Pumpkin carving fun for both canines and their humans.
This weekend I went pumpkin-picking to get in the Halloween mood. Unfortunately, dogs weren’t allowed at the pumpkin patch, but my pups will get to help carve by cleaning the tasty pumpkin insides, which also doubles as a healthy treat. This year, while looking for carving tips, I found patterns for dog lovers.
Inspired by the American Kennel Club’s list of top breeds, Better Homes and Gardens’ art director, Diane Starkey, designed 13 canine pumpkin carving stencils. Best of all, they’re available for free on the BHG website, complete with carving tips.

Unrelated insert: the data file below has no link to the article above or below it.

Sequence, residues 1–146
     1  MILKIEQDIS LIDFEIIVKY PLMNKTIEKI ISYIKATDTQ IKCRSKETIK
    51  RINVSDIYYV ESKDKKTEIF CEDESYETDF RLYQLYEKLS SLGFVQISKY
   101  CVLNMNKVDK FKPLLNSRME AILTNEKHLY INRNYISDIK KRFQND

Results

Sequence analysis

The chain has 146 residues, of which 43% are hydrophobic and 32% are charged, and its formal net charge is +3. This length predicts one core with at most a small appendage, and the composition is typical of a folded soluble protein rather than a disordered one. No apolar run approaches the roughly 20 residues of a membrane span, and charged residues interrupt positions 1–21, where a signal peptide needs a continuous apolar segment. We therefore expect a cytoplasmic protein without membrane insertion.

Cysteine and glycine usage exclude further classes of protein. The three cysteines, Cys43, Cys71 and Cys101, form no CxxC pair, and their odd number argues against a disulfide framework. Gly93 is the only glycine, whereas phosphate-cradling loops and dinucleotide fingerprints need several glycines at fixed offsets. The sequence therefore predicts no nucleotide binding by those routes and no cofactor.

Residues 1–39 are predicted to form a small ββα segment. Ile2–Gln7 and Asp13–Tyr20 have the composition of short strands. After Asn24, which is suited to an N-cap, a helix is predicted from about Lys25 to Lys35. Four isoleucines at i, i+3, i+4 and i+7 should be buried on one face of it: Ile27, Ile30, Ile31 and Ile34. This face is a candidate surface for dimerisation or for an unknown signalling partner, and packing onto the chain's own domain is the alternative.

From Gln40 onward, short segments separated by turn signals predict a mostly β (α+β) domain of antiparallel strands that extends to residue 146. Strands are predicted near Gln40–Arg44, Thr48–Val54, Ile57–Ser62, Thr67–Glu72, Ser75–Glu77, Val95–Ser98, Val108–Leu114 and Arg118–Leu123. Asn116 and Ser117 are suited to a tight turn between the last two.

The stencils include a Beagle, Boxer, Bulldog, Chihuahua, Dachshund, German Shepard, Golden Retriever, Jack Russell Terrier, Lab, Poodle, Pug, Scottish Terrier, and a Yorkie. Some require more skill than others. The Scottish Terrier looks like a particularly hard challenge for the novice pumpkin carver!
The website allows you to vote for your favorite design and even create your own pumpkin stencil. If your favorite breed is missing, they’re also taking input for next year. I’m hoping for a Sheltie! In the meantime, I’m going to start with the Jack Russell Terrier design.
Dog's Life: DIY
Immortalize your pup in yarn by following the patterns in Knit Your Own Dog by Sally Muir and Joanna Osbourne. Using just simple knit, purl and loopy stitches, capture a Bulldog’s wrinkles, a Poodle’s curls or an Afghan’s flowing mane— 25 breeds in all. Download the pattern below to try your knitter’s hand at the Jack Russell Terrier pattern.